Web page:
Saturday, August 07, 2010

“Bumper Sticker”


c. 2010 Rod Ice
All rights reserved
(7-10)




The Icehouse Books mailbox has always been a dependable conduit for reader comments, county correspondence, and advertising literature. But recently, material of a different sort appeared in that postal slot.

It came from the Media Research Center. Enclosed was a free gift, and an attached fundraising letter:

“Dear Rod… Displaying this bumper sticker on your car or in your office tells your friends, coworkers, and neighbors you know better than to believe the liberal media’s lies and distortions. Your effort to help spread the word about the liberal media’s blatant bias is vital to the future of our nation… We’re providing tens of thousands of free ‘I don’t believe the liberal media’ bumper stickers to Americans across the country. We’re sending them at no charge because we realize how important it is to spread the word. But in truth, these stickers aren’t free. Please consider supporting this effort with a tax-deductible gift today using the enclosed reply card.”

There was no mention of where the gift item had been manufactured. I took a long breath, then finished the plea for cash:

“Your support is especially important at this critical time as the media have become even more brazen in their liberal bias. A $25 gift will help us put these bumper stickers on forty more vehicles. $100 will spread this message to over 150 vehicles. We’d like every member of the liberal media to see these every day on roads and highways across the nation!”

The letter was signed by Brent Bozell, Founder and President of MRC.

At first I thought of passing the sticker to Carrie Hamglaze, a local friend who typically has a dozen or more colorful, conservative messages on the back of her car.

But then, a burst of inspiration appeared. Again, I opened the letter. And words began to flow:

Dear Mr. Bozell,

Please accept my thanks for your gift. However, I am not in the habit of putting stickers of any kind on the bumper of my vehicle. In addition, were I to display your message in my home office, no one but my dogs and a few neighbors would notice its presence. Therefore, I humbly decline.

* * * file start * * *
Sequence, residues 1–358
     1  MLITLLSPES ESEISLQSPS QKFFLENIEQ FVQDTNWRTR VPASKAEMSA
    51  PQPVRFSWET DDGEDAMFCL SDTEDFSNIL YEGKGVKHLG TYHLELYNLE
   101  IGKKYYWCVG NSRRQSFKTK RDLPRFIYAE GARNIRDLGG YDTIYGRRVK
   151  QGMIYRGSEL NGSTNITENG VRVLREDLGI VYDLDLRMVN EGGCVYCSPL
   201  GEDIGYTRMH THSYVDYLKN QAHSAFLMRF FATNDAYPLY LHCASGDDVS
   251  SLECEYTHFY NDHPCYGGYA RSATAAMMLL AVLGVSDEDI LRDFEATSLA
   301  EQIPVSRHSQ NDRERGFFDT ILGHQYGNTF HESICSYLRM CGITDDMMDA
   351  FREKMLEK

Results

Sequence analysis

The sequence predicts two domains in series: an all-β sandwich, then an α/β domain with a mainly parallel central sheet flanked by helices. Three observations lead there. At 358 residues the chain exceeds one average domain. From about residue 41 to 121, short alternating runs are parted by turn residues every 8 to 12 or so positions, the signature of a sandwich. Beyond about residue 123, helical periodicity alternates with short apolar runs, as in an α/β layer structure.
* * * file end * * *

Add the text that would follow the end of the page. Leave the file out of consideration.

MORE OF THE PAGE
While I am sympathetic to the idea that corporate media outlets provide a version of the news that is not necessarily accurate or useful, I doubt that a bumper sticker campaign will rectify that situation. Indeed, one might argue that the rise of Internet technology has made traditional sources of information nearly beside the point.

YouTube has a much bigger audience than any of the ‘dinosaur’ news organizations. Think of it as C-SPAN with a sense of humor and a pulse. If the old adage that ‘content is king’ still holds true, then their website is golden.

The idea of putting political slogans on automobile hindquarters seems terribly 1970’s in outlook… too dated for most people to follow in an age when news travels instantaneously on cell phone networks and across television screens at McDonald’s.

People like myself live paycheck-to-paycheck in an economy that is shrinking. For many years, we’ve watched manufacturing jobs go overseas while our elected officials bickered amongst themselves about partisan responsibility. We felt disgust as the government spent billions of dollars to bail out wealthy bankers and insurance moguls after the consequences of their own mismanagement pushed our financial system to the brink of collapse. And we have become indifferent to political action committees that raise lots of money for people who, in the end, enrich themselves and their friends while peddling books on CNN or Fox News.

To be sure, part of the problem is us – most Americans are much more likely to watch President Obama when he appears on television with Jay Leno than when he holds a formal conference with the press. Perhaps our chief executive should host a variety program like ‘Halo Presidente’ by Venezuelan strongman Hugo Chavez. Discussing national issues while singing, telling jokes, and dancing with Hooters waitresses might raise the level of citizen interest in government. But… I digress.

I am a Libertarian who believes that Thomas Jefferson was right when he said ‘I know of no safe depository of the ultimate powers of the society but the people themselves; and if we think them not enlightened enough to exercise their control with a wholesome discretion, the remedy is not to take it from them but to inform their discretion.’

Put that on a bumper sticker and I just might affix it to my vehicle, after all.

Yours Sincerely, Rod Ice


I also enclosed a subscription form to The Maple Leaf with my reply. It seemed proper to trade one request for citizen attention with another.

Comments about Thoughts At Large may be sent to: icewritesforyou@gmail.com
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